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The Alchemy of Recovery: Transmuting Poison into Medicine (Part 1)

The Alchemy of Recovery: Transmuting Poison into Medicine (Part 1)

I think it was Mark Twain who was credited with saying, “Comedy is tragedy plus time.” Certainly when I think of some of the crazy-making days when I was “howling at the moon,” I can now crack a smile. On occasion I even find myself about to roll on the floor and laugh out loud when I think of some of the antics I found myself pulling off. I’ve heard it said that the problem with insanity is that it doesn’t tell you it’s insanity. Sometimes it sounds like a perfectly good idea. It’s only in hindsight that I find myself saying; “What the heck was I thinking?”

Knowledge of God’s Will for Us

Knowledge of God’s Will for Us

I get asked all the time: what is God’s will for me? Indeed… this can be one of the most difficult questions to successfully answer, at least in the beginning of recovery. On the surface, it would seem, from the traditional language, that we are asking to know the will of something outside of ourselves. Something we can’t understand, can’t define and really have no clue about. And yet, this Something, we are told, is what guides and shapes our lives. If we let it.

If You’re Not Finding What Works, Keep Looking

If You’re Not Finding What Works, Keep Looking

Alcoholics Anonymous. I pretty much nailed the first part. Not so much on the second part. I choose to identify out loud because it makes me feel empowered. When I was actively drinking, I was in denial, shame, and silence. Of course, I don’t blab it out in all situations, but if it I feel it’s appropriate, I say it. I don’t feel it’s a stigma. Do you? Someone (a normie) told me that it’s still a terrible stigma. Interesting.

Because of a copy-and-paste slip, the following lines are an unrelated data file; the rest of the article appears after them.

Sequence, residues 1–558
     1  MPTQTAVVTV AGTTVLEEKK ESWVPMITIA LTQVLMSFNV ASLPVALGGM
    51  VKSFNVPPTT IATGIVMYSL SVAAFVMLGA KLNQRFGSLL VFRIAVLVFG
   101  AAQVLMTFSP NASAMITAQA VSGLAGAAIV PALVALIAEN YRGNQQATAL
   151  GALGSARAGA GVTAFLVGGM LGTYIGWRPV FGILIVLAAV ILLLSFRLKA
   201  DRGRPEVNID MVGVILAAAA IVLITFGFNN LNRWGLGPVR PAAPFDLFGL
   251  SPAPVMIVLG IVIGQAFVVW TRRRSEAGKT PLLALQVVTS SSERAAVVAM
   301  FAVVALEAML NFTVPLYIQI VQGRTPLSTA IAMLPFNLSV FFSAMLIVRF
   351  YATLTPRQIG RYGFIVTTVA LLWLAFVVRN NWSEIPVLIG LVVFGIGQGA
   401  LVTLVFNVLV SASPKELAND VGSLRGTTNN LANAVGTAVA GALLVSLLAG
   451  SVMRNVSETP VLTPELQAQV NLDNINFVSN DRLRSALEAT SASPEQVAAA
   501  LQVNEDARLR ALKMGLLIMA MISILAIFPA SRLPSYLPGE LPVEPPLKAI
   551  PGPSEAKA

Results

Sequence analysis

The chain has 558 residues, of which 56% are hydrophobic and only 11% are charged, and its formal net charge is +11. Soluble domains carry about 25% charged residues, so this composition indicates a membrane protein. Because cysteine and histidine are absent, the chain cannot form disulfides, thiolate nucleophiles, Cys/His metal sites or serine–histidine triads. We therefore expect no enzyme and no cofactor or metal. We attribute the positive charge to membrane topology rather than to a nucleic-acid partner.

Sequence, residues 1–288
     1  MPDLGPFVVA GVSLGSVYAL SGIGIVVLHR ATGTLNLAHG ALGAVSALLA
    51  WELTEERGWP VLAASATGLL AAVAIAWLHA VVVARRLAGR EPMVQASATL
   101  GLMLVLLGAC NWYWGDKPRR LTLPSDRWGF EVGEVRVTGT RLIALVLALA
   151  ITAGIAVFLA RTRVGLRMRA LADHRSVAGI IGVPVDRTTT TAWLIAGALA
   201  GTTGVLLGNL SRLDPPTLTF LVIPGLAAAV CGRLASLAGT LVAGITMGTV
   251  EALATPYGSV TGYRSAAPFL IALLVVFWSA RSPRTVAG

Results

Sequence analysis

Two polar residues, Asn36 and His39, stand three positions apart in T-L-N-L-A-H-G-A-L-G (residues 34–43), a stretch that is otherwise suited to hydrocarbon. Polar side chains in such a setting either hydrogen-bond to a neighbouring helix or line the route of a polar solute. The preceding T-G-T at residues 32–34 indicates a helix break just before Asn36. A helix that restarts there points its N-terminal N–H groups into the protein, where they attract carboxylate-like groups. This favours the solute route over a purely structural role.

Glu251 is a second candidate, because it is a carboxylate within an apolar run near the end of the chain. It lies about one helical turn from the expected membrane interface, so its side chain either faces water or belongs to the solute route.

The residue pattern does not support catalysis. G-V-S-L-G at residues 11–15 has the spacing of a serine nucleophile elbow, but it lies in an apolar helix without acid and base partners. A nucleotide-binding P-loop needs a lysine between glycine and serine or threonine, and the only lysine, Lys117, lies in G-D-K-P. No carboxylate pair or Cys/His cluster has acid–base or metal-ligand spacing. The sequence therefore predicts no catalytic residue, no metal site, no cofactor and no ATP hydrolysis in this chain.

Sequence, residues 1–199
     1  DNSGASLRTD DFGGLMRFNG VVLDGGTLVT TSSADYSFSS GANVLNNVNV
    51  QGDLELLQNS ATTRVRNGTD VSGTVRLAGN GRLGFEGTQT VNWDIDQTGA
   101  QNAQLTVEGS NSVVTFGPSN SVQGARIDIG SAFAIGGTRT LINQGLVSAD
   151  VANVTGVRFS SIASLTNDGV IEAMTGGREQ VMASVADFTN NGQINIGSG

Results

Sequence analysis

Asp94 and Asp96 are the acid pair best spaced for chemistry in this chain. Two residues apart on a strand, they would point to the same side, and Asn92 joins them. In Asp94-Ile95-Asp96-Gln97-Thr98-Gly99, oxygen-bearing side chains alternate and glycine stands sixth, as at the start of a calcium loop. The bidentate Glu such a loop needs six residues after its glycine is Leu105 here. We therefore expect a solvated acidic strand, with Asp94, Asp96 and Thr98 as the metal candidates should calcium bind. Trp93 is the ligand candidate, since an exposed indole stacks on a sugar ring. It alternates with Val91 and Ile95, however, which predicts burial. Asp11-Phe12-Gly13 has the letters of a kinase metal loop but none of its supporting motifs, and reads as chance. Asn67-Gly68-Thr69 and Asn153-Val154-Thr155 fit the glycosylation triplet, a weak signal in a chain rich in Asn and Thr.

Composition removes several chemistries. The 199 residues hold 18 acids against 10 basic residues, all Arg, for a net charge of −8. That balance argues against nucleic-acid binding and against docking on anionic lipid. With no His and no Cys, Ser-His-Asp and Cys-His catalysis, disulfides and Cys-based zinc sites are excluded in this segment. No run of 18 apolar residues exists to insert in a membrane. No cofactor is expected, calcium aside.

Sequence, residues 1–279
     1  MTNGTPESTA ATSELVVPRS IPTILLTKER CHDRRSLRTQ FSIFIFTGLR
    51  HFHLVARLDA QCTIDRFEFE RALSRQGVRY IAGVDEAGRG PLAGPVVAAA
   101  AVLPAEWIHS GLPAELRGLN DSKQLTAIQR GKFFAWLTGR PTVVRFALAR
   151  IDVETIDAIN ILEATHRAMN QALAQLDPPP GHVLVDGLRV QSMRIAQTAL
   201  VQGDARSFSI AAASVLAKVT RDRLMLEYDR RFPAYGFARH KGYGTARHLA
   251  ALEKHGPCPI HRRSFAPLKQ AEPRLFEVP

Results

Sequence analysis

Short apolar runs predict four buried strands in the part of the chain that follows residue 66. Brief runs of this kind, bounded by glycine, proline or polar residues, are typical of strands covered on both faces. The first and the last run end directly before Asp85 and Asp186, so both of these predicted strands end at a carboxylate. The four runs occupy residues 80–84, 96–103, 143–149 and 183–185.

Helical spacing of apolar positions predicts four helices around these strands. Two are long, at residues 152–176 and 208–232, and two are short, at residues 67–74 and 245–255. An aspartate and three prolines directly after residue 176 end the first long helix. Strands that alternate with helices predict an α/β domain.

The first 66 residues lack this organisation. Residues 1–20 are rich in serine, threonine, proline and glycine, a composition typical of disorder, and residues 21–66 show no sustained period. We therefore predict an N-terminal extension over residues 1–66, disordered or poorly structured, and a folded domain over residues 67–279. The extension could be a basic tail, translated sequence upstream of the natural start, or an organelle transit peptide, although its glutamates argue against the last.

Peace, Faith, and Serenity

Peace, Faith, and Serenity

In the past, I was always more concerned with what things seemed like on the outside. I had a glamorous job, an affluent boyfriend, a great body, the newest designer handbag, friends, status, education, health, family, opportunity, and potential. Success was my fuel, and it gave me a false bravado that everything was perfect. I always kept up with the Jones’, so it was hard to compare “normal” drinking to problematic.

Vulnerable and Free

Vulnerable and Free

We experience pain deeply, sometimes a backlog built up over a lifetime. If we’re lucky, we have a sponsor who advises us to bring that pain to god. But sometimes, our amygdalas decide god’s just not concrete enough. We need safety precautions, emotional helmets and hazmat suits! So we reduce our vulnerability by learning to edit and hide our true selves. We develop strategies like people pleasing: whatever we think will smooth our path, whatever others want or would approve, we try to appear. The goal is to be accepted. We need it because we so intensely fear rejection’s pain.

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